Montenegro on its way to NATO despite Russia's discontent
Montenegro was officially invited early December to launch negotiations on joining NATO. UNIAN gathered expert opinions on the possible impact this could have on the European security architecture, and on how these processes may affect the Euro-Atlantic aspirations of Ukraine.
On December 2, NATO member states approved the decision to start negotiations with Montenegro on accession to the Alliance. NATO Secretary General Jens Stoltenberg said: "Nato foreign ministers have just taken the historic decision to start accession talks for Montenegro to become the 29th member.”
Deputy Prime Minister - Minister of Foreign Affairs of Montenegro Igor Luksic said: "Today we open a new chapter. It is a great day for my country and for the alliance." He went on to say that the news is great “for the western Balkans, for its unity and security.” Luksic added that Montenegro’s steps toward EU and NATO membership do have an effect on neighboring countries, but he said he believed this effect would be seen as positive in the nearest future.
Montenegro intends to continue reforms, as an invitation to join NATO is not the end of the process, but only the beginning of a new stage of relations.
It should be noted that the decision to consider Montenegro as a candidate for NATO membership was first adopted in September 2014 at a NATO summit in Wales. The newly established state, which gained independence in 2006, has been given time until the end of 2015 to complete the reforms process. In this regard, Luksic said that Montenegro intends to continue reforms, as an invitation to join NATO is not the end of the process, but only the beginning of a new stage of relations.
According to Volodymyr Fesenko, political scientist, director of the Penta Center for Political Studies, Montenegro is now on the home stretch of Euro-Atlantic integration, and an invitation to NATO is its final stage. Procedurally this means the beginning of negotiations on how and when Montenegro is to become a NATO member state.
Oleksiy Melnyk, co-director of foreign policy and international security programs at Razumkov Center, adds that it usually takes two to four years to join NATO after the official invitation, but it depends on how quickly the candidate country fulfills the necessary requirements. "There is a Membership Action Plan [MAP] and annual programs. The two sides sit down together and outline an action plan of what the country should do in order to become a full member of NATO. Then, at the end of each year, they summarize the results and estimate the progress made, all of which influences the decision. This is a technical side to the issue," he said.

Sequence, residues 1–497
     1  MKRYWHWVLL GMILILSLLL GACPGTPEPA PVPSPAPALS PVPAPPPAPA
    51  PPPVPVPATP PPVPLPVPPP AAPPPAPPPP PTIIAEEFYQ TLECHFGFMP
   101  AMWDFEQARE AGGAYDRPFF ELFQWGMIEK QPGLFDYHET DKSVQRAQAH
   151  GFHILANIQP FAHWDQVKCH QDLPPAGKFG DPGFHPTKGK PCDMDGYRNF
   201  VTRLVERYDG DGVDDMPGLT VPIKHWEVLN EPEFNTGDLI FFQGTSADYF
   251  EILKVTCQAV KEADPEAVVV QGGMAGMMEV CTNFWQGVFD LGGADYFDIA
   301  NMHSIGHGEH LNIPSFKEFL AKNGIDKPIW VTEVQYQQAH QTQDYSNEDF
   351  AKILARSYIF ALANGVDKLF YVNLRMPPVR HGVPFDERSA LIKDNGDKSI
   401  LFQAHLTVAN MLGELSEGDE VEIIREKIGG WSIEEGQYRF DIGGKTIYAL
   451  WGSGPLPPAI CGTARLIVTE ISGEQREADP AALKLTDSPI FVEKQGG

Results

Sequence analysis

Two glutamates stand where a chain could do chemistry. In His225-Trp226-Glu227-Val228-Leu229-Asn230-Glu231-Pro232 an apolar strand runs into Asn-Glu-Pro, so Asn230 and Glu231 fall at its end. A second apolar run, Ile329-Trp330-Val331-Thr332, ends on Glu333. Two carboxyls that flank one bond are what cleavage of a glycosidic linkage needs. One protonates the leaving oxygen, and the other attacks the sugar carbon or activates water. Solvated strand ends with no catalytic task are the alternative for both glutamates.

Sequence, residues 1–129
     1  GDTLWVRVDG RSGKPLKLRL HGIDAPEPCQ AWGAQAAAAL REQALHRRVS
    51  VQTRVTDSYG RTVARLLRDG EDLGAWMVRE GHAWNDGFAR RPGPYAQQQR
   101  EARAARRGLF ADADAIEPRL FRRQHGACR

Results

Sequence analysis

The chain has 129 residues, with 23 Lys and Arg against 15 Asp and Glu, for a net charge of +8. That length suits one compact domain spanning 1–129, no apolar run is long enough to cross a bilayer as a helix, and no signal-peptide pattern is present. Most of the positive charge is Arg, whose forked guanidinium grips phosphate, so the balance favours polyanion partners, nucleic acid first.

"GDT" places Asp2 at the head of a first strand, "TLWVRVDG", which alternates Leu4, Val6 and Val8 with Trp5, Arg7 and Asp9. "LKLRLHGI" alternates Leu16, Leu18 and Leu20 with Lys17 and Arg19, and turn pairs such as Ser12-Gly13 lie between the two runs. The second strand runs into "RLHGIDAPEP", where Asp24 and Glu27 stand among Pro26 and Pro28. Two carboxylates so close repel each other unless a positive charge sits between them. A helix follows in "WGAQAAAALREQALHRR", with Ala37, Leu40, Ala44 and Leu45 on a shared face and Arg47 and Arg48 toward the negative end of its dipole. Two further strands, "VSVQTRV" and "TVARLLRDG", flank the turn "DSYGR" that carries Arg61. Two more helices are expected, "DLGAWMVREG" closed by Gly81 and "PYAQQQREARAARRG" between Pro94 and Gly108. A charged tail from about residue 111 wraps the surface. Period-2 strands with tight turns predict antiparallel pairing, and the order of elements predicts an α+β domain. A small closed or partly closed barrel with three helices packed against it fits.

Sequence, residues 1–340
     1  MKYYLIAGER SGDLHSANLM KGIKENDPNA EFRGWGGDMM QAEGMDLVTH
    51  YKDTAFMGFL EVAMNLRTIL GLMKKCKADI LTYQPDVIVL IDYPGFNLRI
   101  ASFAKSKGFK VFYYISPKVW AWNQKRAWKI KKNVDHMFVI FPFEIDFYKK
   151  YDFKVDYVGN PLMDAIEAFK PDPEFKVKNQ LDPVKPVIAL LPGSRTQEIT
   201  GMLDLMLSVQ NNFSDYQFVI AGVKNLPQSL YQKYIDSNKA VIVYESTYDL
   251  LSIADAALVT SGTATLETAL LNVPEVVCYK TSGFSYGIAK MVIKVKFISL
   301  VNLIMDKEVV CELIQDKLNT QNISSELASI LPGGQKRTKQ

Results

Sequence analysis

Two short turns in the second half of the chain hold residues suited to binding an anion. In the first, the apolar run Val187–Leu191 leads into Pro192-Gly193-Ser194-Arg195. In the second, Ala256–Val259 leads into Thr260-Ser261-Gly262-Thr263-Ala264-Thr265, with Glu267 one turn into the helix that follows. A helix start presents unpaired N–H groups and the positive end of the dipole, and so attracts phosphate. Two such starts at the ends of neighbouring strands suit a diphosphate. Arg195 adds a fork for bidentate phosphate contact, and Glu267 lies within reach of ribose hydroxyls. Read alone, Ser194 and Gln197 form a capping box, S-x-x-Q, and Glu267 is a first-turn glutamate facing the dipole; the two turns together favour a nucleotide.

A political expert and director of the Center for Civil Society Studies, Vitaly Kulik, said that Montenegro had done its homework and is now successfully implementing the standards of the Alliance. "Now Montenegro has already passed all the procedures necessary to implement NATO standards in the military field, political area and in the fight against corruption. Although we can say that Montenegro has had a rather decent political culture and political system, as well as fine economic performance. At the moment, it’s one of the NATO’s possible successful examples of expansion," he said.
NATO is the only organization that reliably ensures against external military aggression.
In turn, Melnyk notes that the issue of NATO membership has a certain political pretext, but in the case of Montenegro, there should be no such barriers as Georgia and Ukraine have faced. "The Balkans, as we know, have a recent history of conflict, and remain vulnerable to regional destabilization. The accession of Montenegro to the Alliance is a win-win solution both for NATO and for the country itself, as lacks security greatly. Today, NATO is the only organization that reliably ensures against external military aggression... However, NATO membership - is not only an opportunity to get some reassurance. It also means additional responsibility. That is, it’s quite a powerful deterrent in case there are any conflicts with neighbors," says the military expert.
Fesenko shares this opinion, saying that the political issue of Montenegro joining NATO is almost resolved. In addition, the scale of the country favors the situation: "Montenegro is small; it’s about a region where NATO has already been acting as European police anyway, providing regional security." Moreover, if no major political turbulence shakes the region in the near future, Serbia may be the next one to engage in active talks on NATO membership. “It would really be a spit in Russia’s face," the analyst believes.
However, it is too early to discuss this issue.
The Russian authorities have repeatedly declared that Montenegro’s accession to NATO would be a "negative step for European security and relations between Russia and Montenegro." Shortly before the adopted decision to start negotiations with Montenegro on NATO membership, Chairman of the Federation Council’s Committee on Defense and Security Viktor Ozerov said that any programs earlier launched between Russia and Montenegro shall be stopped. "Montenegro should be aware that, in connection with its accession to NATO, many of the programs that they had implemented with Russia, including on military-technical cooperation, will be impossible," said the Russian official.
NATO base in Montenegro will lead to the fact that the country will be left without Russian investments, which for many years have been quite significant.
In turn, a member of the Russian Duma's international affairs committee, Nikolai Levichev, warned that Montenegro will be deprived of Russian investments. "Montenegro is another piece of the former Yugoslavia, which will join the Alliance. It is difficult to expect something completely different from the non-independent states, which don’t even their own currency. NATO base in Montenegro will lead to the fact that the country will be left without Russian investments, which for many years have been quite significant," he said.
According to the head of the Federation Council’s Committee on International Affairs, Konstantin Kosachev, "from the perspective of the European collective security, in terms of uniting in the face of new challenges and threats, any expansion of NATO is not a step forward, but a step back."